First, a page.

What you will find below:
- Red Flags for Workers Compensation
- Red Flags for Auto Claims
- Red Flags for Disability
What are the elements of fraud?
Fraud is defined as an intentional misrepresentation of a material fact by a person who knows or believes it to be false. Fraudulent acts add up and end up costing honest customers hundreds in insurance premiums. The Coalition Against Insurance Fraud (CAIF) places the cost of insurance fraud at a whopping $308 billion annually in the United States. All the money people think they are ‘saving’ result in more money lost through hefty fines, imprisonment or both.
“Insurance Fraud costs the average U.S. family between $400 and $700 per year in the form of increased premiums.”
Nearly all states require insurers to have a Special Investigations Unit (SIU). Twenty six of these states require that insurance companies have a written plan to combat fraud and demonstrate how they are effective. Insurance companies may have an in-house SIU or a contract program.
Recognizing red flags in claims verification is crucial for maintaining the financial health of insurance companies, upholding the integrity of the industry, protecting policyholders, and ensuring that insurance services remain accessible and affordable for everyone. It is a critical component of responsible risk management within the insurance sector.
Red flags in claims you should lookout for:
Red Flags for Workers Compensation:
• Late reporting: Claims reported significantly later than the accident date may raise suspicions, as there may be time to manipulate evidence or fabricate details.
• Facts are inconsistent: Discrepancies in the claimant’s statements, including variations in the accident description, timelines, or damage assessments, can be a sign of potential fraud.
• Disgruntled: A disgruntled worker is likely to make claims against their company.
• Pushy about settling claim: They want to reap the rewards of workers comp without any delays.
• No witnesses: If there were witnesses to the incident, and their statements do not align with the claimant’s account, it could raise concerns about the legitimacy of the claim.
• Unable to reach: Claimants who refuse to provide requested documents, submit to interviews, or cooperate with the insurer’s investigation may have something to hide.
• Monday morning claims: After a long weekend, your employee claims to be in pain from an injury sustained last Friday. Read more about Monday morning injuries.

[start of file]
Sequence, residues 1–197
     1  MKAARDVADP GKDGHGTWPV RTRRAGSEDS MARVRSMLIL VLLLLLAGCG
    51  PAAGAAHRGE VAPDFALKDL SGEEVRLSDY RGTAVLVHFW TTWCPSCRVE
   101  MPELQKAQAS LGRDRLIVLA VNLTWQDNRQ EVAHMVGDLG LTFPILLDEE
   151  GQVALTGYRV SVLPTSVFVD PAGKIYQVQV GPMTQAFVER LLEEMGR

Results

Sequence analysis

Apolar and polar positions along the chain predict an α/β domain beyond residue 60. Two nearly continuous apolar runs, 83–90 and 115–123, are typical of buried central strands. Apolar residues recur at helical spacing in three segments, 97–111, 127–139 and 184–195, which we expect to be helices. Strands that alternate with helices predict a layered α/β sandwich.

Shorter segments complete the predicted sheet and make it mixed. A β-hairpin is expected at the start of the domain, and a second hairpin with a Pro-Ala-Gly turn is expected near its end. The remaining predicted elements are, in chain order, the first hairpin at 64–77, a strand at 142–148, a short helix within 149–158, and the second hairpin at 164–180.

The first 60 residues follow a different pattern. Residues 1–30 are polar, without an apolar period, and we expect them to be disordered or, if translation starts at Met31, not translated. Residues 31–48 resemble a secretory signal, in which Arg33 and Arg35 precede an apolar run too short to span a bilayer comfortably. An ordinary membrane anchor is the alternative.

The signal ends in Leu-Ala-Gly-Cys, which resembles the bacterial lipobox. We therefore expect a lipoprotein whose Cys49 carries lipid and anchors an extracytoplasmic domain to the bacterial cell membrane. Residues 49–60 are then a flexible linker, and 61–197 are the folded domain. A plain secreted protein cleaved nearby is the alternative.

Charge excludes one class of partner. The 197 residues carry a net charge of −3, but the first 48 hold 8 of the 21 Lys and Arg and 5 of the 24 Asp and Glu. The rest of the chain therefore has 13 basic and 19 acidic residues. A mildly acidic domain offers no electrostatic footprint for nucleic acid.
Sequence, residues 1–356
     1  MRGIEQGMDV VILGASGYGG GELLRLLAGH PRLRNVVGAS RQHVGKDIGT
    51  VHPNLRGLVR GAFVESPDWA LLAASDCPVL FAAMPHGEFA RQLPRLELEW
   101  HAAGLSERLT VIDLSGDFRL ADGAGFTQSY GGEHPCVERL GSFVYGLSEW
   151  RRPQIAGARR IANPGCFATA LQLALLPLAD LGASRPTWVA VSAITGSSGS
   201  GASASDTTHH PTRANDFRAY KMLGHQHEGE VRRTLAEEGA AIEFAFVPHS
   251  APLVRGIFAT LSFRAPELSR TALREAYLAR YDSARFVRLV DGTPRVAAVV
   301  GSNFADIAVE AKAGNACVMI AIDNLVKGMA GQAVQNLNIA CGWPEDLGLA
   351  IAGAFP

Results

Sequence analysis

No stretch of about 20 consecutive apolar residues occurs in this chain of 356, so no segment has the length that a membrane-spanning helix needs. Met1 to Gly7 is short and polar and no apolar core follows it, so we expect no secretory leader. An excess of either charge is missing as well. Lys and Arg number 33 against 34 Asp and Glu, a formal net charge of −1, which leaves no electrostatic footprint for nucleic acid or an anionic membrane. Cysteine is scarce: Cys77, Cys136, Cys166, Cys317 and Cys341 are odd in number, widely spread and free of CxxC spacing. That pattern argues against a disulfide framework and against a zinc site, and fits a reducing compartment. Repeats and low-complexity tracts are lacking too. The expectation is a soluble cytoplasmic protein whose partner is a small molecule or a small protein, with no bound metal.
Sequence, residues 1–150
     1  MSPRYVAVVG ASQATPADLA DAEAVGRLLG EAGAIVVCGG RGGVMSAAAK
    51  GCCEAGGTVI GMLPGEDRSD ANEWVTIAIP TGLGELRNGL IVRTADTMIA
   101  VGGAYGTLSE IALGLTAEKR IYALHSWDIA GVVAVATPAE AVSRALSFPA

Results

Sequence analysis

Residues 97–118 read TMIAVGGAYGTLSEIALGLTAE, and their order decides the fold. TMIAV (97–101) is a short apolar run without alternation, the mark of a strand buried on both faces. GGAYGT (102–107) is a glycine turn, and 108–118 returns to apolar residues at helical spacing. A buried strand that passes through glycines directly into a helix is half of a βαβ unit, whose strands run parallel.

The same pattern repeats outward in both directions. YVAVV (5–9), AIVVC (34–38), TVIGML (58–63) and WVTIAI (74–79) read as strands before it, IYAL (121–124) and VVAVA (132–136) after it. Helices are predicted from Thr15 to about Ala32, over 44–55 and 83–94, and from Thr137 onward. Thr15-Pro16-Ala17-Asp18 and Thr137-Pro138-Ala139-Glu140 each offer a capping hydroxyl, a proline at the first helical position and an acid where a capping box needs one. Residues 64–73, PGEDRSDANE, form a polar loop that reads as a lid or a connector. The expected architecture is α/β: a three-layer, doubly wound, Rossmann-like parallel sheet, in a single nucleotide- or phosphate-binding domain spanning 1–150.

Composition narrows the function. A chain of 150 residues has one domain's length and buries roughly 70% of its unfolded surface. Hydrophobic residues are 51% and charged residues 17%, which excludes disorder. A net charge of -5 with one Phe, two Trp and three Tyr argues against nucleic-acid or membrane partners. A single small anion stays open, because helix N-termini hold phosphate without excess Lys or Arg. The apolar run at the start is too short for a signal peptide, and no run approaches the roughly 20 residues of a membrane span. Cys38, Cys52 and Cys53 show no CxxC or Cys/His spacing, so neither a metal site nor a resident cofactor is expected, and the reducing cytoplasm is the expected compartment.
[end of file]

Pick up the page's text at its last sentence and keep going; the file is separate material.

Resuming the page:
Red Flags for Auto Claims:
• Phantom hit and run crash: Claims involving hit-and-run accidents without credible witnesses or evidence may be fraudulent attempts to collect insurance benefits.
• Exaggerated Property Damage: Claims that exaggerate vehicle damage or include damage unrelated to the accident.
• Subjects admit liability immediately: It’s possible this person had a plan and is wasting no time to execute it.
• Previous auto claims : Claimants who have filed multiple claims in a short period, especially if they involve the same vehicle or similar incidents, may be attempting to take advantage of the insurance company.
• Minor impact, soft tissues injury: While soft tissue injuries can be genuine and painful, they are also commonly associated with fraudulent or exaggerated claims.
• Delayed police report (or not filed at all): A police report would’ve required more information than they are able to provide.
Red Flags for Disability:
• Modifying or hesitant to sign an authorization: poor cooperation can be suspicious during an insurance claim.
• Work or personal related issues: subjects with mounting debts or financial troubles, may be more inclined to exaggerate or fabricate disability claims.
• Reluctant to provide personal information: They may be unsure of what the repercussions of faking a claim might be and don’t want to cooperate.
• Malingering indicators: Observing signs of malingering, such as a claimant dramatically exaggerating symptoms during assessments or inconsistent physical performance during functional capacity evaluations.
• Doctor Shopping: Shopping around for doctors, especially if the claimant is going farther than 15 miles from their home, might mean they are looking for a doctor that tells them what they want to hear.
In conclusion if your claimant is uncooperative, acting suspicious or simply inconsistent with their story, there may be a fraudulent case on your hands. This applies to all claims. The people who have something to hide usually show it through simple slip ups – if you’re diligent enough you will be an expert on identifying them. Be the first line of defense in the battle of fraud elimination!